Stuka Ace Hans Ulrich Rudel

Military Heritage Magazine July 2015

Stuka Ace Hans Ulrich Rudel

The Reich’s highest decorated Serviceman

By Ludwig Heinrich Dyck

Colonel Hans Ulrich Rudel, Military Heritage Magazine July 2015
Colonel Hans Ulrich Rudel, Military Heritage Magazine July 2015

“I have often looked him [death] in the eye…and have never been the first to lower my gaze,”1 Ulrich Rudel

“In the village of Seiferdau, southern Prussia, an eight-year-old boy with an umbrella jumped out of a second story window. The umbrella turned inside out, the boy landed in a flowerbed and broke his leg. That little boy was Hans Ulrich Rudel, who dreamed of becoming an airman.”

Rudel would go on to become the highest decorated serviceman of the Third Reich, flying an unmatched 2530 combat missions. Field Marshall Ferdinand Schörner did not exaggerate all that much when he praised Rudel as being “worth an entire division.” With his loyal rear gunner protecting his back, Rudel destroyed 547 tanks, 2000 ground targets, the Soviet Battleship Marat, two cruisers and a destroyer. Stalin put a 100,000 ruble ransom on Rudel’s head but nothing could kill the indomitable German Stuka Ace. Shot down 30 times by flak, never by an enemy plane, Rudel risked his own life six times to rescue downed comrades.

Rudel’s sober milk-drinking habits initially ostracized him from the hard-partying pilot culture. It did not help either that he started out as only an average pilot:

“During the Balkan campaign, Rudel, by then an Oberleutnant, was stuck at Reserve Flight in Graz when aerial brilliance came upon him. Rudel’s Stuka stayed attached to his wing leader “like an invisible rope,” hardly every shot wide at bombing or missed at gunnery.”

Rudel’s Immelman Wing joined the siege of Leningrad where they attacked the Soviet Battleship the Marat:

“Absorbed with hitting his target, Rudel released his new 2000-pound bomb at 900 feet, forgetting that its fragmentation effect ranged up to 3,000 feet. Rudel momentarily blacked out, skimming 10 feet above the water. Rear gunner Alfred Scharnovski woke him up: “She is blowing up, sir.”

“In July 1943 the Stukas released a storm of destruction at the Battle of Kursk. Swooping in at 15 to 30 feet above the ground, Rudel’s cannons blasted tungsten-core shells through the thin back armor of enemy tanks. A successful hit entailed flying through an exploding curtain of fire, scorching Rudel’s Stuka and riddling it with splinters.”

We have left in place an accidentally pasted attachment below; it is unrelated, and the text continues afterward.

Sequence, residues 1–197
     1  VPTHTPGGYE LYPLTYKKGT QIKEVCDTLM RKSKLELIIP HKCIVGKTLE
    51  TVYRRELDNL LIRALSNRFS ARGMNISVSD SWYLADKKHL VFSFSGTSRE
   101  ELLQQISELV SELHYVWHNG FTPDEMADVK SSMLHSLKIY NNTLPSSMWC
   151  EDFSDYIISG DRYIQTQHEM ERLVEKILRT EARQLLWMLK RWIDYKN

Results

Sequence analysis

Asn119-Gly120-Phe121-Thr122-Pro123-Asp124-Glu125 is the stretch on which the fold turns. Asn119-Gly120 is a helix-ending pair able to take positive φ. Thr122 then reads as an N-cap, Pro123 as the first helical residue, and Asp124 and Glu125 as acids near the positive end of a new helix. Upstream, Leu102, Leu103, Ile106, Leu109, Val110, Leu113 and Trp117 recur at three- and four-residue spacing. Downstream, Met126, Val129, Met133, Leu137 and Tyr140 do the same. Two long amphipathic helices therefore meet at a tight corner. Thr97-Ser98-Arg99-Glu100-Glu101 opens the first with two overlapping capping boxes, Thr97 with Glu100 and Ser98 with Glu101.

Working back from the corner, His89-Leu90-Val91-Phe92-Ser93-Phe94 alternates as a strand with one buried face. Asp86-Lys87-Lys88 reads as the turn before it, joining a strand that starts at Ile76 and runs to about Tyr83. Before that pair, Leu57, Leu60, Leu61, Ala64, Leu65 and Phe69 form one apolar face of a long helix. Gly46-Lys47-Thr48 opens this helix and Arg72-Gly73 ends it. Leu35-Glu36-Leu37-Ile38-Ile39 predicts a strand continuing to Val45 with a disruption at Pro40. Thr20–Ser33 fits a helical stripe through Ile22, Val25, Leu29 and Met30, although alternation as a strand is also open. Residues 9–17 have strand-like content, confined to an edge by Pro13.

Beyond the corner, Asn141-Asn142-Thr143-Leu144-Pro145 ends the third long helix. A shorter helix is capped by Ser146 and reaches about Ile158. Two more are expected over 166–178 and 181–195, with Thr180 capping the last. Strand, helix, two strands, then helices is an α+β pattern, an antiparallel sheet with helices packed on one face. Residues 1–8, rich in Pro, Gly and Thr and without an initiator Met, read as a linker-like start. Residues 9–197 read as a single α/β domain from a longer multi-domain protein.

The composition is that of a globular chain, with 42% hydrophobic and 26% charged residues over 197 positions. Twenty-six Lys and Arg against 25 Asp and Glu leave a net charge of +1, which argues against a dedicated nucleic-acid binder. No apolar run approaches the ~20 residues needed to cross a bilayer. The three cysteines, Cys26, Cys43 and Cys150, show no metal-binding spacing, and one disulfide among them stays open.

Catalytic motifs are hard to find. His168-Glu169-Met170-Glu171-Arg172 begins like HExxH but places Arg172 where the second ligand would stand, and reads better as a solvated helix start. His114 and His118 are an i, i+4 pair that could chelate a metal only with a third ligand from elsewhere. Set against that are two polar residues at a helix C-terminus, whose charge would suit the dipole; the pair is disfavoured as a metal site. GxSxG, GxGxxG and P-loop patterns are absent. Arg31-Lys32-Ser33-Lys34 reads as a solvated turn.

“Rudel destroyed 12 of 13 tanks a mere 50 miles from Berlin. With one cannon jammed and a single round remaining in the other, Rudel went for the remaining Stalin tank which “burst into a blaze” when “something seared through” Rudel’s “leg like a strip of red hot steel.””

Rudel earned Germany’s most prestigious combat award, the unique Knight’s Cross with Golden Oak-Leaves, Swords and Diamonds, alongside promotions designed to keep him grounded. Rudel refused both and even disobeyed Hitler if it meant he could no longer fly and aid Germany against the relentless Soviet advance. Even after Rudel lost one of his legs in combat, he kept flying until the end of the war holding to his maxim “he is only lost who gives himself up for lost.”

“Rudel’s noble characteristics are difficult to reconcile with his close association to Hitler’s clique and to far right causes after the war, but Rudel was never accused of any war crime. Indoctrinated in Nazi ideology at an early age, he clung faithfully to what he deemed righteous and either disbelieved or ignored its horrific consequences. Perhaps Douglas Bader, who did not agree with a number of Rudel’s beliefs, summed up Rudel best, concluding that he was “by any standard, a gallant chap.”

Ludwig H. Dyck’s article of the amazing combat career and controversial post-war life of Stuka Ace Hans Ulrich Rudel is featured in the Soldiers column of Military Heritage Magazine’s July 2015 issue.

Military Heritage Magazine July 2015, featuring Stuka Ace Hans Ulrich Rudel by L. H. Dyck.
Military Heritage Magazine July 2015, featuring Stuka Ace Hans Ulrich Rudel by L. H. Dyck.

1Ulrich Rudel, Stuka Pilot (London: Black House Publishing, 2012), p. 54.

 

Advertisements

Leave a Reply

Fill in your details below or click an icon to log in:

WordPress.com Logo

You are commenting using your WordPress.com account. Log Out / Change )

Twitter picture

You are commenting using your Twitter account. Log Out / Change )

Facebook photo

You are commenting using your Facebook account. Log Out / Change )

Google+ photo

You are commenting using your Google+ account. Log Out / Change )

Connecting to %s